Why would anyone think that the Palestinians want peace?

When I wrote, in Fighting over a trash pile,

I’m sure that this is somehow George Bush’s fault!

I figured it wouldn’t be long before President Bush got blamed for the Palestinian civil war. Apparently “long” meant today:

    Hamas takeover shows failure of Bush’s vision
    With turmoil in Gaza, hopes for a two-state solution dwindling quickly

    By Glenn Kessler, The Washington Post

    WASHINGTON – Five years ago this month, President Bush stood in the Rose Garden and laid out a vision for the Middle East that included Israel and a state called Palestine living together in peace. “I call on the Palestinian people to elect new leaders, leaders not compromised by terror,” the president declared.

    The takeover this week of the Gaza Strip by the Hamas militant group dedicated to the elimination of Israel demonstrates how much that vision has failed to materialize, in part because of actions taken by the administration. The United States championed Israel’s departure from the Gaza Strip as a first step toward peace and then pressed both Israelis and Palestinians to schedule legislative elections, which Hamas unexpectedly won. Now Hamas is the unchallenged power in Gaza.

    After his reelection in 2004, Bush said he would use his “political capital” to help create a Palestinian state by the end of his second term. In his final 18 months as president, he faces the prospect of a shattered Palestinian Authority, a radical Islamic state on Israel’s border and increasingly dwindling options to turn the tide against Hamas and create a functioning Palestinian state.

    “The two-state vision is dead. It really is,” said Edward G. Abington Jr., a former State Department official who was once an adviser to Palestinian President Mahmoud Abbas.

The so-called “two-state solution” has been the basis of virtually every peace proposal since the 1967 war. Look back through the archives of Foreign Affairs, and you’ll see that they are positively littered with scholarly articles, from professors to out-of-work ambassadors to United Nations officials, the articles all amount to the same thing: an Israel basically within the pre-1967 borders, and an independent Palestine. The only differences in the articles were the various proposals on how to get from the then-present to the desired future. (Even there, they differed relatively little, save to recognize the changing realities as the Soviet Union disintegrated.)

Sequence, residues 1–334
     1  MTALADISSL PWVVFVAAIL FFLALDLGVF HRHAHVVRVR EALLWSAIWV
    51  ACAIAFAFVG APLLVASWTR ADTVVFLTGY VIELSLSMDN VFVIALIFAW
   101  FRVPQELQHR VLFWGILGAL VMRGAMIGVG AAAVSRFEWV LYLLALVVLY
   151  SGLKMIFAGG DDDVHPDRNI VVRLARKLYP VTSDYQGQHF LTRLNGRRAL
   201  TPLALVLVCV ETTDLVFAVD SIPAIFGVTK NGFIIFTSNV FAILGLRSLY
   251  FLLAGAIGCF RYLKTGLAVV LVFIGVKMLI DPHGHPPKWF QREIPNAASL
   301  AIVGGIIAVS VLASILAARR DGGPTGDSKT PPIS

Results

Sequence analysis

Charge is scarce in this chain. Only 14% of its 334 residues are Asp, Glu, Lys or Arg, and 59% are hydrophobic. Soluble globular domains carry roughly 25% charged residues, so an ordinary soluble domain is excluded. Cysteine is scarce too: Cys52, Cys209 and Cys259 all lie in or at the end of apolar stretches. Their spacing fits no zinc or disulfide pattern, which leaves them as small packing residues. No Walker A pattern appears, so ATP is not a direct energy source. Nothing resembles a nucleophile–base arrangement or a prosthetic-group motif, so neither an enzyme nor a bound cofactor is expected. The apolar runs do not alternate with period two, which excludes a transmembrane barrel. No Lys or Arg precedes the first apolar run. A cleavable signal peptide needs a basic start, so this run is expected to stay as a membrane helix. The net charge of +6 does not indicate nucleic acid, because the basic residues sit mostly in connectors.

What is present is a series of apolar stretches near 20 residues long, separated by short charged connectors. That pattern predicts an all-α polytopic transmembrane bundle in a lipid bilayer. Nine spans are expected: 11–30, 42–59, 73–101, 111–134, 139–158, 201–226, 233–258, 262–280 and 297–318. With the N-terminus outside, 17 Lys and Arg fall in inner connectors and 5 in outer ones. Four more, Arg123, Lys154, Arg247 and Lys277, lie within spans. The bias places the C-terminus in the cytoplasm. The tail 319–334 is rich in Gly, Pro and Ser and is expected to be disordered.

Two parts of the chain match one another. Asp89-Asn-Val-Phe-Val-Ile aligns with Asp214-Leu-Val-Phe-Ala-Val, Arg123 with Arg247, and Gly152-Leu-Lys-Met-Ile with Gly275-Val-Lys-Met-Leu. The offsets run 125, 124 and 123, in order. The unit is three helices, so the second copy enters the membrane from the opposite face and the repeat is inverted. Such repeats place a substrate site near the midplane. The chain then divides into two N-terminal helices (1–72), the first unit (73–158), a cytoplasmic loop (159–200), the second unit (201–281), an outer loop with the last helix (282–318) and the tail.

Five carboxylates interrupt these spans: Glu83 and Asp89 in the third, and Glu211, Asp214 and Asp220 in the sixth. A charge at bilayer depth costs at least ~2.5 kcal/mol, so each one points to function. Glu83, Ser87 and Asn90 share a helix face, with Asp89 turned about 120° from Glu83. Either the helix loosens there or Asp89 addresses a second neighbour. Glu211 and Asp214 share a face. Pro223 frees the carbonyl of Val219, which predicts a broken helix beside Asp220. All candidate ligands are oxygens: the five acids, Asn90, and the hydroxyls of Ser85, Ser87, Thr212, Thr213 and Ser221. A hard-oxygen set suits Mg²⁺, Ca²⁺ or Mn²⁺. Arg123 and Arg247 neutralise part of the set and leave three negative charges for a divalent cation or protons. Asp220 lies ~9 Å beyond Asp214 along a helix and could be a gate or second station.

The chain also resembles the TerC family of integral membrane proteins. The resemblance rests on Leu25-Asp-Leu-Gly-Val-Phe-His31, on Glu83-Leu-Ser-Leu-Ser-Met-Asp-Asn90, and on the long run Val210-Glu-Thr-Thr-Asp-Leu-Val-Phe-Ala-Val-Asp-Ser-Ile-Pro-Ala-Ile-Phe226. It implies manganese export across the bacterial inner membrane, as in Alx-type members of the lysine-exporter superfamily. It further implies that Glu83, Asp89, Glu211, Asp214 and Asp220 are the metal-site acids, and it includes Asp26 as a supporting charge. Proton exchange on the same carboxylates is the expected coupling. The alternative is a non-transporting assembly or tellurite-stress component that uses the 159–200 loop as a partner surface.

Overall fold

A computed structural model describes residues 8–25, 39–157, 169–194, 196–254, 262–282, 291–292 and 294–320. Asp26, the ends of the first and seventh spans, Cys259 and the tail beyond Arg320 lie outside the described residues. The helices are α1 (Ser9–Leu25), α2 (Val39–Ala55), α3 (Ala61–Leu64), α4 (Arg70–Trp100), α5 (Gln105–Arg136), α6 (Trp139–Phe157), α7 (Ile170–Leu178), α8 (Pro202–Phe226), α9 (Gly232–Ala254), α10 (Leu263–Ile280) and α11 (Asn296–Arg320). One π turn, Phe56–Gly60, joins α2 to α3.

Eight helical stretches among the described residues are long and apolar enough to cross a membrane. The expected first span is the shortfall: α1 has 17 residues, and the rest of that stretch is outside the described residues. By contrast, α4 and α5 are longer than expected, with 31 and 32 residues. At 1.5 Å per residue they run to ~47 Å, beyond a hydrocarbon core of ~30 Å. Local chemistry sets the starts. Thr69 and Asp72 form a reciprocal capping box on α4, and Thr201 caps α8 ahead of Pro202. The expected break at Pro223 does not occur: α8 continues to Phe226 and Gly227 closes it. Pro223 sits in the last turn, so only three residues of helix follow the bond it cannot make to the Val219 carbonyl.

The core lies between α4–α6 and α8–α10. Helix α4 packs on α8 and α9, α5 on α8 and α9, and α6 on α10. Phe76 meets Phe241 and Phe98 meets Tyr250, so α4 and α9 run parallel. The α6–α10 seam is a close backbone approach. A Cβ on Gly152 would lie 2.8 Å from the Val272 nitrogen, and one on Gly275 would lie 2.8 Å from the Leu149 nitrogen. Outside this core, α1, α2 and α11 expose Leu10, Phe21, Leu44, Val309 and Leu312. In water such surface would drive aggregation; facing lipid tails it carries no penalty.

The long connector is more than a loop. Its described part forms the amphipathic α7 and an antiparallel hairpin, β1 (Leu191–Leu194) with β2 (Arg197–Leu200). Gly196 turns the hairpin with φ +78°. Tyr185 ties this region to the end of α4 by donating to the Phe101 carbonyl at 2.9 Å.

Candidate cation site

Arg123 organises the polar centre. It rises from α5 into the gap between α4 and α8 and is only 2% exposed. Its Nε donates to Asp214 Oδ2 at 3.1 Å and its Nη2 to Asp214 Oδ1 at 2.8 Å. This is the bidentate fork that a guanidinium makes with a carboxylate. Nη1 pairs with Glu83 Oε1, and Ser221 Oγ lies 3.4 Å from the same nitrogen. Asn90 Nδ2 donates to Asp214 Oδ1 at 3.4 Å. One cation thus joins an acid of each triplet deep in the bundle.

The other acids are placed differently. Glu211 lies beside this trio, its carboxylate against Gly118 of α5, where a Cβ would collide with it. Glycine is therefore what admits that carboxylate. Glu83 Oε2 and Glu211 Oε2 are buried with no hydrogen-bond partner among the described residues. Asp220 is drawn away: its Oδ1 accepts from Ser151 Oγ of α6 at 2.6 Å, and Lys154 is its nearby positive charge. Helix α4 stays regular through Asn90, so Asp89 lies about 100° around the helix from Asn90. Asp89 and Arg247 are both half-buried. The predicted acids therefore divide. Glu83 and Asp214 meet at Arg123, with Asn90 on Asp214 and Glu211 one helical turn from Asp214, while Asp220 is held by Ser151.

So, what have we had? Henry Kissinger tried to solve the Arab-israeli problems during the Nixon and Ford administrations. Jimmy Carter deserves some credit for the Egyptian-israeli peace agreement, though most of it accrues to Anwar al-Sadat, who broke the Arab tradition of not talking to Israel. President Reagan and the elder President Bush and President Clinton all tried various forms of diplomacy to try and get this generations-long problem solved, to the point at which Israeli Prime Minister Ehud Barak offered Yassir Arafat 95% of what he had demanded, only to have it thrown back in his face.

Under eight separate presidents since the 1967 war, under more than a dozen Israeli governments ranging from Labor to Likud to Labor to Likud to Labor to Likud and then Kudina, the Arabs have, at every turn, rejected peace. When Shimon Peres, the chief Israeli architect of the Oslo Accords, who was awarded the Nobel Peace Prize for his efforts, was running for re-election as Prime Minister against Binjamin Netanyahu, a critic who disagreed with the Oslo process, the Palestinians ratcheted up the level of terrorism, leading to a narrow victory for Mr Netanyahu — and the end of serious Israeli participation in the Oslo process. Six years later, when Ehud Barak, desperately fighting for his political life in the upcoming elections, offered Yassir Arafat virtually all he wanted (and what President Clinton, who was hosting the negotiations, said was the best deal the Palestinians could ever get), the Palestinians launched the second intifada and Mr Arafat rejected the proposal out of hand, and stormed out without even making a counter-proposal.

Yet, Mr Kessler (or perhaps his editors, since article titles are frequently the work of editors), has to get a dig in at President Bush!

Well, maybe he was right. President Bush had the obviously naïve idea that if the Palestinian people had an opportunity for real democracy, the will of the people, and their weariness with the struggle, would bring forth leaders who supported finding some real path to peace, and who could claim the backing of the people as support against the irredentists.

President Bush pushed for free and fair elections, and that’s basically what happened. And in those free and fair elections, the Palestinian people elected Hamas, a terrorist organization which rejects any peace with the “Zionist invaders,” and whose founding charter (and current ideology) state that the entirety of the Levant, including Israel, is an Islamic waqf, which cannot be either surrendered or negotiated away.

Israel will exist and will continue to exist until Islam will obliterate it, just as it obliterated others before it.

After all of that history, after the election of Hamas, and after the defeat of the forces that at least sort-of pretended to want peace with Israel (not that President Mahmoud Abbas could ever bring himself to it), what conclusion could a rational man draw other than that the Palestinians don’t really want peace, but are still committed to military victory instead?

One Comment

  1. But Israel has a chance to blow Hamas out of the water by striking some super deal with Abbas and the West Bank and let Gaza rot.

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